• 1676. The Compagnie de Limonadiers is formed in Paris. The vendors sell lemonade from tanks they carried on their backs: the first soft drinks.
  • 1679. Denis Papin, a French physicist invented the pressure cooker, which he called “Papin’s Digester.” (d. 1712)
  • 1690. The first shipment of bananas arrives in the colonies at Salem, Massachusetts.
1670: The first candy canes. Photo by M. Connors, courtesy of MorgueFile.com.
  • 1716. James Lind is born, a Scottish physician who recommended that fresh citrus fruit and lemon juice be included in the seamen’s diet to eliminate scurvy. The Dutch had been doing this for almost two hundred years.
  • 1719. The first potato is planted in the United States was planted in Londonderry Common Field, New Hampshire.
  • 1720. Invention of meringue is attributed to a Swiss pastry chef named Gasparini.
  • 1742. “The Compleat Housewife, or Accomplish’d Gentlewoman's Companion” is the first cookbook published in America, in Williamsburg, Virginia.
  • 1745. The secret formula for Drambuie liqueur is given to the Mackinnon family by Prince Charles Edward.
  • 1747. “Art of Cookery” by Hanna Glasse is published, one of the most important references for culinary practice in England and America during the late 18th century early 19th century. It still available in print as a reference text.
  • 1747. The oldest cattle ranch in the U.S. is started at Montauk on Long Island, New York.
  • 1755. Josiah Spode is born; the inventor of fine bone China.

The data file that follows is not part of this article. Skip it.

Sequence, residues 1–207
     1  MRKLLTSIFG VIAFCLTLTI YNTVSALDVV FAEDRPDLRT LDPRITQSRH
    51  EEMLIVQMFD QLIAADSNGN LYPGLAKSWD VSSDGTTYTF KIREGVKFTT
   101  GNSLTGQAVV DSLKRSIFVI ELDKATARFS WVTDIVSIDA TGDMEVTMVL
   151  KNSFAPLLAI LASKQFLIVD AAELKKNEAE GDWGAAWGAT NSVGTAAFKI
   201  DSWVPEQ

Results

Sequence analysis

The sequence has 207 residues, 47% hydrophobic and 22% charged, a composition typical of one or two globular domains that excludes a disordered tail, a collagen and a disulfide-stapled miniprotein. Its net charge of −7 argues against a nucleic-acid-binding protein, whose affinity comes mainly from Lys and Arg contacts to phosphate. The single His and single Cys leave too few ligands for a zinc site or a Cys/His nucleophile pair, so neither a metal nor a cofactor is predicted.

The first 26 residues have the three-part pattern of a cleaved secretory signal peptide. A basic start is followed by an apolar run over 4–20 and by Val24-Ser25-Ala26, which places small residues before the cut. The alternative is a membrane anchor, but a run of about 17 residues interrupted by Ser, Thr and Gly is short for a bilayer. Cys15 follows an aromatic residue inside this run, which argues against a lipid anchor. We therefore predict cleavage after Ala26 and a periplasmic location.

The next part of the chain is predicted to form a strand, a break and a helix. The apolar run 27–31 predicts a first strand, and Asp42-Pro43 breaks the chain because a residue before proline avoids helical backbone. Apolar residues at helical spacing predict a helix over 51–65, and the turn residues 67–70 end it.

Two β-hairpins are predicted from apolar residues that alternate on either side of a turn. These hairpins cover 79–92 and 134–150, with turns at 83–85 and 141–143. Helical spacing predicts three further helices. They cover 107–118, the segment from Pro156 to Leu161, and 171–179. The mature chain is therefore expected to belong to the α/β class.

• 1765. The very first pâté de foie gras (goose liver paste) is said to have been created in Strasbourg in 1765 by a Norman chef named Jean-Joseph Close (although the technique for producing foie gras goes back as far as ancient Egypt).
  • 1765. M. Boulanger opens the first restaurant, by that name, in Paris. It is an informal establishment; his specialty is soup.
  • 1766. Louis, Marquis de Cussy is born, a French gastronome and friend of Grimod de la Reyniere, who stated that Cussy had invented 366 different ways to prepare chicken. Cussy wrote “Les Classiques de la Table.”
  • 1773. Benjamin Delessert is born, a French industrialist who developed the first successful process to extract sugar from sugar beets.
  • 1782. Antoine Beauvilliers, a leading culinary writer and gastronomic authority opens the first luxury restaurant, La Grande Taverne de Londres, in Paris. Interestingly, for the city which was to become known as the culinary capital of the world, the restaurant is named “The Great Tavern Of London.” Beauvilliers later wrote what became a standard cookbook, “L’Art du cuisinier,” in 1814.
  • 1785. Oliver Evans of Newport, Delaware invents the automatic flour-milling machinery that revolutionizes the industry.
  • 1789. Thomas Jefferson brings a pasta making machine with him when he returns to America after serving as ambassador to France.
  • 1790. Marie, Vicomte de Botherel, is born. In 1839, he installs kitchens on buses in Paris suburbs: the first restaurant cars.
  • 1790. Marie Harel is credited with developing Camembert cheese in Normandy.
  • 1799. Eliza Acton is born. She later writes the first cookbook for the housewife, rather than for the professional chef.
CamembertCamembert. Photo courtesy of Old Chatham Sheepherding Company. Learn more about Camembert.
  • 1799. Joseph-Louis Proust, a French chemist, extracts sugar from grapes, and proves it identical to sugar extracted from honey.

continue to 1800-1899.

 

Historical material © James T. Ehler 1990 - 2005. All rights reserved. Additional material